The solid members freeze mid-sentence, their concern and anticipation seen by clear plastic masks. Immediately, the display lights up with a multiple-choice query: “What would you do?”
On Sunday night, the Heart for Science and Society live-streamed “Glad Tuesday” on Fb: an interactive play written by Juan Guerrero, GS ’19, and co-directed by Guerrero and Ashley Calderón. Set within the gentrified neighborhood of Hell’s Kitchen, the play dissects a divided response to the opening of a homeless shelter. By displaying research statistics on a split-screen and opening up the characters’ ethical selections to the viewers by Fb polls, Guerrero phases psychological analysis as an accessible new style—one unimaginable within the days of pre-digital theater.
The play follows the lives of two households over the course of 1 week: Lemarcus and his eight-year-old daughter, Aniyah, who’ve simply moved into the shelter; and psychology professor Alistair and his fiancé, Charlie, who owns the struggling restaurant subsequent door. Glad Tuesday refers to an upcoming state senatorial election that may decide whether or not the district reroutes the funds away from the shelter and towards an elevated police presence. Each statistic leads as much as the Tuesday election, informing each characters and viewers that the nervousness they really feel round their homeless neighbors is a realized response.
Removed from feeling stilted or dry, Guerrero seamlessly incorporates analysis findings into his characters’ dialogue. “Glad Tuesday” is simply as a lot about the fantastic thing about names as it’s about name-based hiring bias, as a lot about love and religion as it’s about conditioned fear-responses.
Guerrero’s portrait of Lemarcus is especially transferring. He illustrates the fixed, painstaking care required to guard his small daughter from internalizing racial bias. We watch as Lemarcus rushes to change off the information, shielding her from infinite warnings of suspects falsely recognized as “dark-skinned,” and from a neighborhood phase on an elementary-school woman’s “rebellious and distracting” hair. Whereas explaining to Aniyah that her grandmother has handed on, Lemarcus gives her with an invisible form of love and assist:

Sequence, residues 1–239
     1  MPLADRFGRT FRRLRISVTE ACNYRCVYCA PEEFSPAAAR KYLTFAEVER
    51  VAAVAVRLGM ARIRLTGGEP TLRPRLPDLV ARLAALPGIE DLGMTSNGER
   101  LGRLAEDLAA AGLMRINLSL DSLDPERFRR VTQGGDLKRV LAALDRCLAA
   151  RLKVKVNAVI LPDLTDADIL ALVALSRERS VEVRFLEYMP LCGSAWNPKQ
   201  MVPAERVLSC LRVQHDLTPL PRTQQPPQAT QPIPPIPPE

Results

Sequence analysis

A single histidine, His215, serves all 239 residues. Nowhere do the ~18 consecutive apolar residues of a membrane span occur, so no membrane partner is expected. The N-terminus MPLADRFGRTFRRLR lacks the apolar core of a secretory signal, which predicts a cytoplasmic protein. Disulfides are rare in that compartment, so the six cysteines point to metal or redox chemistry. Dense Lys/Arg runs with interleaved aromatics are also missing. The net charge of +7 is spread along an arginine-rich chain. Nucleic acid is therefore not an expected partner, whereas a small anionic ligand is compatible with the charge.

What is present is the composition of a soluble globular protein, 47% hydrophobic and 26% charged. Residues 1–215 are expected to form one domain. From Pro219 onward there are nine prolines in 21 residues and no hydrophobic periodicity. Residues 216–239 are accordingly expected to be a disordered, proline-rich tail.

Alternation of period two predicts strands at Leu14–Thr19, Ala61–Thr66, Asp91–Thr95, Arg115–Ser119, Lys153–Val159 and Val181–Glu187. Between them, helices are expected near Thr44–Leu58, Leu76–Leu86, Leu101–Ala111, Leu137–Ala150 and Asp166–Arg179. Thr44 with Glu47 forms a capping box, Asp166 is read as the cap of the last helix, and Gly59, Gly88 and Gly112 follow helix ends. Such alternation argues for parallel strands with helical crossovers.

“She’ll dwell inside your coronary heart ceaselessly,” he says. “And in the event you hear carefully, you’ll be capable to hear her in tough occasions.”
Lemarcus’ storyline additionally demonstrates the near-impossible problem of climbing out of homelessness. Unable to afford formal clothes for a job interview, he reluctantly shoplifts a white button-down shirt. Later, the shirt’s safety tag pops whereas Lemarcus attire inside a cramped public restroom, drenching each the shirt and his stack of resumes in black ink.
When he manages to reprint them, Lemarcus switches his first identify to Mark—a choice that will get him employed at Charlie’s restaurant. We watch Charlie remove résumés purely based mostly on how “white” or “Black” the identify sounds, sharing the display with knowledge from a labor market discrimination report.
But “Charlie” just isn’t his actual identify both. Upon transferring from Venezuela to New York, his drama trainer informed him he would get extra auditions with a much less “in-your-face” Spanish identify. He and Lemarcus commerce tales, bonding over how they gave up “Carlos” and “Lemarcus” for higher possibilities of employment. Right here, Guerrero deconstructs Charlie’s implicit biases: The honesty and vulnerability created in that second lastly makes him rethink his place on the homeless shelter.
The viewers by no means hears the outcomes of the state senatorial election. As an alternative, Guerrero situates the play as an ongoing decision-making course of that won’t finish with anyone vote. “Glad Tuesday” challenges the viewers to probe the uncomfortable distinction between their conduct and their beliefs. Guerrero guides the viewer by stacks of analysis, rigorously figuring out moments of cognitive dissonance. Crucially, he renders this analysis not solely accessible however actionable: The play pulls vital ideas out of abstraction till they’re on our doorstep—after which he leaves us standing within the voting traces.